Tuesday, August 31, 2010

You Will All Die- Turn Tape Over

See article from yahoo.ca:

LONDON (Reuters) - British Airways apologized to passengers after an emergency message warning they were about to crash into the sea was played by mistake.

About 275 passengers were on the London Heathrow to Hong Kong flight on Tuesday evening when the automated message went out. The plane was flying over the North Sea at the time.

Cabin crew quickly realized the error and moved to reassure the terrified passengers.

"We all thought we were going to die," Michelle Lord, 32, of Preston, northern England, told The Sun newspaper.

Another passenger was reported saying: "I can't think of anything worse than being told your plane's about to crash."

A spokesman for British Airways said an investigation was under way to discover whether it was human error or a computer glitch.

"We apologize to passengers on board the flight for causing them undue distress," he added in a statement.

"Our cabin crew immediately made an announcement following the message advising customers that it was an error and that the flight would continue as normal."

(end of article)

The first question is: if you were about to crash into the middle of the ocean while trapped on a plane, wouldn't you want a real-time message over the intercom by a person? Who uses an automated doomsday message to tell you that you are all about to die? Is it because no employee can realistically be expected to say this calmly over the intercom in a real life emergency? Well, fair enough, but maybe it shouldn't be automated. Maybe it should be like the red phone that only gets used for emergencies. Maybe it should be a red button next to the usual intercom automated messages, such as 'fasten seatbelt' and 'request more coffee'.

Second of all, how is this a simple error? It appears to be a critical issue. Asking for peanuts and getting pretzels is an error, but being told that you're about to crash into the ocean, and then, ha ha, no, situation normal, go back to your onboard film starring Rob Schneider, THAT is not an error. A serious revision needs to be done of the automated messaging systems of these planes, or else, you're going to have a terrified cabin throughout your trans-Atlantic trip, or a real emergency is going to happen one day and passengers will just sit there with their bonbons and blankets, blissfully unaware.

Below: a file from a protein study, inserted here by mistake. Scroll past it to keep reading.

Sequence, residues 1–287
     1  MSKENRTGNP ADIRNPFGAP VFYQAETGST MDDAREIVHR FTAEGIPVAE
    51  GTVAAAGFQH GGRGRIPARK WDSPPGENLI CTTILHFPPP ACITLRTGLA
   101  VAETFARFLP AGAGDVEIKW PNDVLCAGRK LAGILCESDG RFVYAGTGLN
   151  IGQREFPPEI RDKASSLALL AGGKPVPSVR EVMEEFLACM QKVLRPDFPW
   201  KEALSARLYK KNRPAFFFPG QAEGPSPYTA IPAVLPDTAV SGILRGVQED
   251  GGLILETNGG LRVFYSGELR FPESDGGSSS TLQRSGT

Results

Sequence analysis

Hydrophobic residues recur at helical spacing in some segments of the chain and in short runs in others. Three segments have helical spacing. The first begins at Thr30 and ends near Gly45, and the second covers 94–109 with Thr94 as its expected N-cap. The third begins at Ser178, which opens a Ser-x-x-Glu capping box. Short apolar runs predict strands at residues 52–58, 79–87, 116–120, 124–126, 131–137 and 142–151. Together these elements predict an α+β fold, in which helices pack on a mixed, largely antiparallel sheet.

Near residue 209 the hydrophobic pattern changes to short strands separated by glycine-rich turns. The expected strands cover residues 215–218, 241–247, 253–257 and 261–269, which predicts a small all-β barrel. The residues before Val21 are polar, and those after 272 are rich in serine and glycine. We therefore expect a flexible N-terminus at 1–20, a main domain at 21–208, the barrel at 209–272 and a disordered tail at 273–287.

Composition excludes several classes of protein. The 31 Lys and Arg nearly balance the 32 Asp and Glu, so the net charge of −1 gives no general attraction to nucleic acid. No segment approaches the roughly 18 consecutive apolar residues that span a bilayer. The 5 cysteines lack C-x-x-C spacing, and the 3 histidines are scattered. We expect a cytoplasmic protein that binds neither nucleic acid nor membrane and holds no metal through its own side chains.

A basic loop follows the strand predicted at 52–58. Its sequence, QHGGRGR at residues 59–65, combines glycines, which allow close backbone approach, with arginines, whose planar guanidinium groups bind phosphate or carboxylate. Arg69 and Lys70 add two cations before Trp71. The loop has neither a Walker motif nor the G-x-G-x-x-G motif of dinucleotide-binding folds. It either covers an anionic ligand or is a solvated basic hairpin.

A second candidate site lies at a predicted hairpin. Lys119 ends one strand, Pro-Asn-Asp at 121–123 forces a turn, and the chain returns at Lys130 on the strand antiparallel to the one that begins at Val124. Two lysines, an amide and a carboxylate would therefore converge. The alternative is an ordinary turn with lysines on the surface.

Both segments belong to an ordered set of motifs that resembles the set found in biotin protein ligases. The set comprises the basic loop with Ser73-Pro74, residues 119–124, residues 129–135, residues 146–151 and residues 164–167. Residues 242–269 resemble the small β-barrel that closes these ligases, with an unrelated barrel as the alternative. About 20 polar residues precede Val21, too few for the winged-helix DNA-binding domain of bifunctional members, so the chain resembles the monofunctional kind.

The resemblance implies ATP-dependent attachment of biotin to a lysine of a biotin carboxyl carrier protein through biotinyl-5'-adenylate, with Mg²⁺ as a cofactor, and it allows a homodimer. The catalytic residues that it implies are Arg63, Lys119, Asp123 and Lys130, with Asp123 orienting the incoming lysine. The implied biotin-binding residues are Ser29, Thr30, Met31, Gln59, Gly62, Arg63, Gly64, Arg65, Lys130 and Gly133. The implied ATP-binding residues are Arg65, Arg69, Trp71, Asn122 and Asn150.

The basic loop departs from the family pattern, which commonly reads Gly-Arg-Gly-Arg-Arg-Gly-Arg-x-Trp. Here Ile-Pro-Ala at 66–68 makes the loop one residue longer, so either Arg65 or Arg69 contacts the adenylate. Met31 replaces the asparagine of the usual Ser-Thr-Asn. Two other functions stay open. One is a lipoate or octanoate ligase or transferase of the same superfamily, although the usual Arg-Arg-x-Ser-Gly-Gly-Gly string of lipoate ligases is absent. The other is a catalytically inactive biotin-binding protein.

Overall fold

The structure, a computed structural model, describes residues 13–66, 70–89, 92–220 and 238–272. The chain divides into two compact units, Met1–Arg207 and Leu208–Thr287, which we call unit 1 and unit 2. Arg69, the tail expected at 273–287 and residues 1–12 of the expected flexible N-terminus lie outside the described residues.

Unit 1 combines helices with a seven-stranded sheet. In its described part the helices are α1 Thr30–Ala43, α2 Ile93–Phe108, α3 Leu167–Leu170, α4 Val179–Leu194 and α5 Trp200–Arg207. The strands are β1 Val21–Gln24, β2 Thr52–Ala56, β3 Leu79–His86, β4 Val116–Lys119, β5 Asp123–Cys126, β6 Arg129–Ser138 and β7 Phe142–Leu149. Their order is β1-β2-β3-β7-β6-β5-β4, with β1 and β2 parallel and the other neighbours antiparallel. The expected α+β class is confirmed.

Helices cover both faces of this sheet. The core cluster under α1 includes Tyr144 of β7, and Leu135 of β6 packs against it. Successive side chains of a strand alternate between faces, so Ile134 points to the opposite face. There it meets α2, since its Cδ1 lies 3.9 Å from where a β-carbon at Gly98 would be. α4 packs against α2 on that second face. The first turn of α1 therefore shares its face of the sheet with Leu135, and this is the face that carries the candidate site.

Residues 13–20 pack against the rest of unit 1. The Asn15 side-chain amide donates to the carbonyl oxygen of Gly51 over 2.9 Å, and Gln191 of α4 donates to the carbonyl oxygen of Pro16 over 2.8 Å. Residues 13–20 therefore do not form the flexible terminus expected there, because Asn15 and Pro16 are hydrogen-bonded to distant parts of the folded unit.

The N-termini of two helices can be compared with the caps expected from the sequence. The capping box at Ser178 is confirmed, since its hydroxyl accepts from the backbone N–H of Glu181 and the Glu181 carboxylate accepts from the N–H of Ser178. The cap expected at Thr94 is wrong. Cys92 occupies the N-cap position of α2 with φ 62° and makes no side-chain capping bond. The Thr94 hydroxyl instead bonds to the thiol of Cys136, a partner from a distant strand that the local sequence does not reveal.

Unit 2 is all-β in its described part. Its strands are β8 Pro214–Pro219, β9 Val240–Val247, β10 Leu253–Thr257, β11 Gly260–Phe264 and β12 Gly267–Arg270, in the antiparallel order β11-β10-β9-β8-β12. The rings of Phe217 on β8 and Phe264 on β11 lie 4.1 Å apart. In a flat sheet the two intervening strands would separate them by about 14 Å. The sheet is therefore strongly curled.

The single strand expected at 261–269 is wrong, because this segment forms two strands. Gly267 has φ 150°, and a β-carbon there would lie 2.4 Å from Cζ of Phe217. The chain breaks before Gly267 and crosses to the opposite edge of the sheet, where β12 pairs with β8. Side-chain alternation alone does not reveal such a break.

Third, how about the airline's statement that they apologize for causing undue stress? Undue stress? What about cardiac arrest? Fear of God? Paralyzing phobia and childhood issues resurgence? Any of those things would be on my list of issues related to a near-death in flight experience over the ocean. This is the kind of scare that requires therapy, not smelling salts.

It's hard to believe that in an age where air safety is a primary concern for governments and citizens alike, that this sort of thing would be allowed to happen. Travel can be tough on people, but it shouldn't be anything like the gong show it is today, with random patdowns, checks and mass paranoia anytime someone spots a toothpick. British Airways owes their customers far more than an apology; after all that aggravation, it owes them at least a drink.

At least one.

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